Rules for Writing

To start off classes this semester, I had the students sit in groups of five. This meant 5 tables of 5 students each. I asked the students to list each member of their group on the board as well as a detail that might help us to get to know them. After they finished doing that, they listed five “Rules For Writing” that they believed in or had been taught to them in previous classes.

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college writing, composition, rules for writing, teaching, pedagogy, writing studies, St. John's University, Bill Torgerson, English, NCTE, CCCC, ENGCHAT, FYCChat

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Next, each group read a different text written by a writer about writing. On the first day, I used these texts/excerpts:

  • Black Boy by Richard Wright.
  • “Shitty First Drafts” by Anne Lamott
  • Life by Keith Richards
  • Ex Libris by Anne Fadiman
  • “Unlearn to Write” by Donald Murray

The students read the excerpt out loud and answered the following four questions:

  1. What is the writer’s message about writing?
  2. What are some “golden lines” that you think are worth talking about?
  3. How can you apply the ideas here to your own writing?
  4. Does any of what this writer says about writing cause you to rethink any of your own Rules For Writing?

When each group was finished, I counted off by fives at each table. Students moved to a new table and presented the text they had just read to students who had read something different. I want to thank St. John’s University doctoral student Katelynn DeLuca for reminding me about this “jigsaw” method of getting students to move around the room.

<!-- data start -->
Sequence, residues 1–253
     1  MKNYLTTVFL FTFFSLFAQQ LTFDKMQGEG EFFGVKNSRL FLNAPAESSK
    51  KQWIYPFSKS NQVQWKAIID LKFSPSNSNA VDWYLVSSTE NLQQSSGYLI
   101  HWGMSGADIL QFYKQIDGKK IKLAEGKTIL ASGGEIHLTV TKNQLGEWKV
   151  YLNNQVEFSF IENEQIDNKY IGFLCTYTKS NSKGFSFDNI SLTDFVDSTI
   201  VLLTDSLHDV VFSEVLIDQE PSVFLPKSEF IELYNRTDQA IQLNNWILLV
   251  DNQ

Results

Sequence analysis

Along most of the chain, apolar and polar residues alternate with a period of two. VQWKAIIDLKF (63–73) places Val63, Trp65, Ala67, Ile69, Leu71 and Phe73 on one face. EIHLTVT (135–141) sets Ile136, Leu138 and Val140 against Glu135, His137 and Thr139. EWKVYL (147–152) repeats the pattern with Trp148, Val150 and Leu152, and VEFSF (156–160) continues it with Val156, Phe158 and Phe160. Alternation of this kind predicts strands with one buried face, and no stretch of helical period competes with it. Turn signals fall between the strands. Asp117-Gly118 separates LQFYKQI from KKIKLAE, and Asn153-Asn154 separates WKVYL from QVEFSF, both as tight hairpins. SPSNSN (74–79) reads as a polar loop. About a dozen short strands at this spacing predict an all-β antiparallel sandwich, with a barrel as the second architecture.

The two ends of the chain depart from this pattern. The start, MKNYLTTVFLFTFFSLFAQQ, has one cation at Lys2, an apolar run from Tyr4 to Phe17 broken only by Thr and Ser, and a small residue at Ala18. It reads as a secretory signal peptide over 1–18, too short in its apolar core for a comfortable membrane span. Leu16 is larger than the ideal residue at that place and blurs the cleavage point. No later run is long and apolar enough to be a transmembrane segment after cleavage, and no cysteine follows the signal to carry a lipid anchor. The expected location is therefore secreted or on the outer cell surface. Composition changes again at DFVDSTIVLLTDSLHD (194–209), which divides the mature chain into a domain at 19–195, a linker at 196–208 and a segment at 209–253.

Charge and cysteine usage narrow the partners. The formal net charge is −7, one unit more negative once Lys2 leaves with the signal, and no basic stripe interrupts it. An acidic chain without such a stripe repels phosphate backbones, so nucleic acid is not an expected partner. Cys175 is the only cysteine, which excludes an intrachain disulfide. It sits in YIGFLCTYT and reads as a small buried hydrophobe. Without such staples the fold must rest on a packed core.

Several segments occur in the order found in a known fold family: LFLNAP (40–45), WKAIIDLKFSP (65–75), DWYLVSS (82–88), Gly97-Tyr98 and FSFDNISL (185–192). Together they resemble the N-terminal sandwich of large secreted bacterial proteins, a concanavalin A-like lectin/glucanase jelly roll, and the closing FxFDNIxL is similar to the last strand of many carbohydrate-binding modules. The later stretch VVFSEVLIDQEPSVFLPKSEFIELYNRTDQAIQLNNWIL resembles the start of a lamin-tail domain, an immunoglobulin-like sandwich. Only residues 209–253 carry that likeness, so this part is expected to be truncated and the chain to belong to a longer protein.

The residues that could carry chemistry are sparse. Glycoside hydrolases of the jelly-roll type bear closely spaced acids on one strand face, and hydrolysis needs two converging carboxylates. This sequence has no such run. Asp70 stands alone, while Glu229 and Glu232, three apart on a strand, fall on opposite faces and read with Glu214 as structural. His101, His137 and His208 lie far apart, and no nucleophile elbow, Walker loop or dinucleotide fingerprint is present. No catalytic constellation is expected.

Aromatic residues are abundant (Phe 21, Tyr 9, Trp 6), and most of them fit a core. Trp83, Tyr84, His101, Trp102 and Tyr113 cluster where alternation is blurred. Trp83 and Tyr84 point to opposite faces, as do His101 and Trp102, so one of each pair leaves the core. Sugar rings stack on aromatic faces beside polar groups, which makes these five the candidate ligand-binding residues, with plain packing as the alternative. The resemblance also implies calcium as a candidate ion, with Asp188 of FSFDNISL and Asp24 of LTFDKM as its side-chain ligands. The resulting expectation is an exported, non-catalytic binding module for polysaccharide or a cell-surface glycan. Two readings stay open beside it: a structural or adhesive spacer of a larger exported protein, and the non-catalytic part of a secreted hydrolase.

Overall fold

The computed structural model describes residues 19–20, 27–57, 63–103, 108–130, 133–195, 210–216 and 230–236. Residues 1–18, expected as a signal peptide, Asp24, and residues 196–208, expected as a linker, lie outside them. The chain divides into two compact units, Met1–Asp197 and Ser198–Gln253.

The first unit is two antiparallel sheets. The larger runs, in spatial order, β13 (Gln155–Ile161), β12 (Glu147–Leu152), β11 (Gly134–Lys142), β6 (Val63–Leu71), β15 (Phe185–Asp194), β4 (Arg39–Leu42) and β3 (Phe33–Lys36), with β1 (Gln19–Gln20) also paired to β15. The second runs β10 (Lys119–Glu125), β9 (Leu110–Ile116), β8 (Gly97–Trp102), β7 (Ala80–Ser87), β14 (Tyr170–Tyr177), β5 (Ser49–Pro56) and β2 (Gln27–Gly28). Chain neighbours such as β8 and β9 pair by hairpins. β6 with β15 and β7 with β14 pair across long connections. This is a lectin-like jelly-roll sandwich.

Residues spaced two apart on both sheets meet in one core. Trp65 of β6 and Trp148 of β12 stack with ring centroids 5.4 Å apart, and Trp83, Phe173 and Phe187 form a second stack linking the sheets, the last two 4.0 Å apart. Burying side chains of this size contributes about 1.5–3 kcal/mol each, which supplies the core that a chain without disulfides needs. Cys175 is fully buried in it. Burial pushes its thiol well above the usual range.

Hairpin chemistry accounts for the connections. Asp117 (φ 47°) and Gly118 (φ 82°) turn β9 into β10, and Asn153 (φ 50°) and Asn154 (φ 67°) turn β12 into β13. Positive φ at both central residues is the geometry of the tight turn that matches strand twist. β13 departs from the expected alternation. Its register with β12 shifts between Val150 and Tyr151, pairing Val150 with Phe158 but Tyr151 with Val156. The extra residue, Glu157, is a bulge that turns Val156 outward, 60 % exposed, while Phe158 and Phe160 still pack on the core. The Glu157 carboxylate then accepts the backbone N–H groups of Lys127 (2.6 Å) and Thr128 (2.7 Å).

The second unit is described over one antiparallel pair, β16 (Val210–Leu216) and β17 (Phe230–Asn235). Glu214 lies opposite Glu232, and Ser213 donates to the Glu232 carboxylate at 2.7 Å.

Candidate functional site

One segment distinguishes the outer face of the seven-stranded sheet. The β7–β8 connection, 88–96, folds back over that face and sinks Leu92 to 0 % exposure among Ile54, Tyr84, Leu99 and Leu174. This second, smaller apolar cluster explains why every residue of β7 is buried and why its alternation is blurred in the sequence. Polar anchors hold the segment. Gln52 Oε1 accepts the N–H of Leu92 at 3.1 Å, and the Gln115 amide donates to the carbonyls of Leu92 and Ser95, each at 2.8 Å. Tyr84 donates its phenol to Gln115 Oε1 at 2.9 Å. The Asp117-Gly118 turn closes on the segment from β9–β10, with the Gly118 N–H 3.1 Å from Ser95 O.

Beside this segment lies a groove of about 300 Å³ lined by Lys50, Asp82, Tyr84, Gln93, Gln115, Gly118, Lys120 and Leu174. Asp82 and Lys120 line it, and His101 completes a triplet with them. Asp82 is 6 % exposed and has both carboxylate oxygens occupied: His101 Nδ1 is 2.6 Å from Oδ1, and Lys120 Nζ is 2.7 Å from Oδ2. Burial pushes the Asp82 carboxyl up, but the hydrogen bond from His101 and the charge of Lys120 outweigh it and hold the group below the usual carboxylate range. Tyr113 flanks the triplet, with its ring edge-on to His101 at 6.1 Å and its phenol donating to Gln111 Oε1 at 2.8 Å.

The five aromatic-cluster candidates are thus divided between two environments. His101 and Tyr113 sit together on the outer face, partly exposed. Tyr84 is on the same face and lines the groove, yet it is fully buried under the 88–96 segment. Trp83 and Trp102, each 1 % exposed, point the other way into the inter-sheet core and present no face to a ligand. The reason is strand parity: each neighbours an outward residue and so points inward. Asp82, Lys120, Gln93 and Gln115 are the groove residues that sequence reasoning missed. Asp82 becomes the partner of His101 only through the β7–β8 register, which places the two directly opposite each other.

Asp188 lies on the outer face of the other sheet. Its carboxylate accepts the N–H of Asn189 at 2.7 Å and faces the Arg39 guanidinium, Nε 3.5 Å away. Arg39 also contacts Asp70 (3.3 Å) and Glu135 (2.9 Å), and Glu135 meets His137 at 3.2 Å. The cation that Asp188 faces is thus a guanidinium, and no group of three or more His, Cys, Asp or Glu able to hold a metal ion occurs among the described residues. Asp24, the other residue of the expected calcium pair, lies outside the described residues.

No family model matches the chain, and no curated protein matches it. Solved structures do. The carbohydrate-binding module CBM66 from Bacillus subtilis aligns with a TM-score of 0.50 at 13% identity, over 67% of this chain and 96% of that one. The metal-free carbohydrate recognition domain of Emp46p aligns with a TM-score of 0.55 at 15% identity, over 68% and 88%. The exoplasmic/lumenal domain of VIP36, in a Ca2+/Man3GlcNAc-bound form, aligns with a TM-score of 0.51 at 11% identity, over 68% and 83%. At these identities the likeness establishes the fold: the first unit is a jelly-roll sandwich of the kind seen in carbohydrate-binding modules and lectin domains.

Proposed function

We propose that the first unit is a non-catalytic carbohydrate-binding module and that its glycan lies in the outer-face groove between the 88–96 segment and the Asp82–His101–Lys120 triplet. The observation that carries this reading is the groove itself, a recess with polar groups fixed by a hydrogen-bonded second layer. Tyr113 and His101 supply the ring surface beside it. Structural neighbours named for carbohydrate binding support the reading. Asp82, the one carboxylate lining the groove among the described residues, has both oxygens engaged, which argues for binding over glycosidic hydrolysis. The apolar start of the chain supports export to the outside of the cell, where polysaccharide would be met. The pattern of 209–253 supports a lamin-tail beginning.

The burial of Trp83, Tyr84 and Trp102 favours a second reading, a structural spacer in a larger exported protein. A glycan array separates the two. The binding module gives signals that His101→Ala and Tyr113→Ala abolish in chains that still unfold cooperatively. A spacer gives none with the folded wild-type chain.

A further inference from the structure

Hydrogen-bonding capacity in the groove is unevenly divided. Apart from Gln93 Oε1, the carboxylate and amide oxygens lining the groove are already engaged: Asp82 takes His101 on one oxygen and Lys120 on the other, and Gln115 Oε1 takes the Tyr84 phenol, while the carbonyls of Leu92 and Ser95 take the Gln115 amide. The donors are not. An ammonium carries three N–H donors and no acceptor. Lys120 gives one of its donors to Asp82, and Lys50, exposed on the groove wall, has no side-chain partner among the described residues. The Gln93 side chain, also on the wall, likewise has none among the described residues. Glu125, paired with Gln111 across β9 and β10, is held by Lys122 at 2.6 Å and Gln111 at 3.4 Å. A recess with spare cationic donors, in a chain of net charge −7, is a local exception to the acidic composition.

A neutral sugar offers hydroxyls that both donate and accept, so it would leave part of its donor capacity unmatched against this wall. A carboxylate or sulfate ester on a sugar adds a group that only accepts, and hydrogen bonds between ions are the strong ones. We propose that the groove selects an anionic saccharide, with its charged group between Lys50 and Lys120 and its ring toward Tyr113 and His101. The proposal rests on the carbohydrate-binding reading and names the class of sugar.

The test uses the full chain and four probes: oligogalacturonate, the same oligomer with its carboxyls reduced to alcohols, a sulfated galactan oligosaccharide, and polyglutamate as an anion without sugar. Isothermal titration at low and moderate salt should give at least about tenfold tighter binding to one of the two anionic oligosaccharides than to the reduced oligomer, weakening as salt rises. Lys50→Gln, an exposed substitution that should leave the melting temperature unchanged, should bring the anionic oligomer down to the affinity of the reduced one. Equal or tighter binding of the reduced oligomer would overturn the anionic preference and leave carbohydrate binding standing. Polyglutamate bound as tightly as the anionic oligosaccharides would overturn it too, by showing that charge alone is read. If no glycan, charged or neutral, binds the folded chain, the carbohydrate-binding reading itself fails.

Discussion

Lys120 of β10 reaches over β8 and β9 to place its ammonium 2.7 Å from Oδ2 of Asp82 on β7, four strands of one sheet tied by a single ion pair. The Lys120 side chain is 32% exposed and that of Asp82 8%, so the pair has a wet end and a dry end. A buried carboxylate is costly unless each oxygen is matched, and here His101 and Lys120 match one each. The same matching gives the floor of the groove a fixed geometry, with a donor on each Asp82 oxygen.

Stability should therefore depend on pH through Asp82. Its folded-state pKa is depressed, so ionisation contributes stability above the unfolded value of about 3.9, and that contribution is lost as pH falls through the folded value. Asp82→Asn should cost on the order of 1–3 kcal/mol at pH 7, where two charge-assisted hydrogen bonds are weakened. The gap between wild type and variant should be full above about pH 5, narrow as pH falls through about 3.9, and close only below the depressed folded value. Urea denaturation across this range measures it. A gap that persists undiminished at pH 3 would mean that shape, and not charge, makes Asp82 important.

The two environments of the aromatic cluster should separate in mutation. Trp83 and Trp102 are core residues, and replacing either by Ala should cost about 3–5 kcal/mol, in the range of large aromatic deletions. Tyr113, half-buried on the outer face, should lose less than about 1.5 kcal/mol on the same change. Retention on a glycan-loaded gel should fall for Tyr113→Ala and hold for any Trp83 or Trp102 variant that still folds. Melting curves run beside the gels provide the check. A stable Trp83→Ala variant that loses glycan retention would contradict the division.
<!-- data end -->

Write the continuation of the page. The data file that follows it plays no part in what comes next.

In the coming weeks, students will be reading and commenting on texts written by writers about writing. This exercise was a way for all of us to begin to get to know each other and for the students to get acquainted with some of the choices they have for their reading this semester.

 

  • Lyra H

    This is great! About how many minutes?

    • http://thetorg.com/ Prof. Torg

      This probably took 40 or so minutes. I also read an introductory letter to the class. The students had to write the whole class back for the next week. Their letters would address my letter, the syllabus, and serve as an introduction to all of us. Those letters will get read out loud and shared with the class. We will all take notes in what Donald Murray called the daybook.

  • Marsha Toy Engstrom

    Great interactive activity, Torg! I also love Anne Lamott–who has encouraged me to get down many first drafts in her own unique way… Cheers!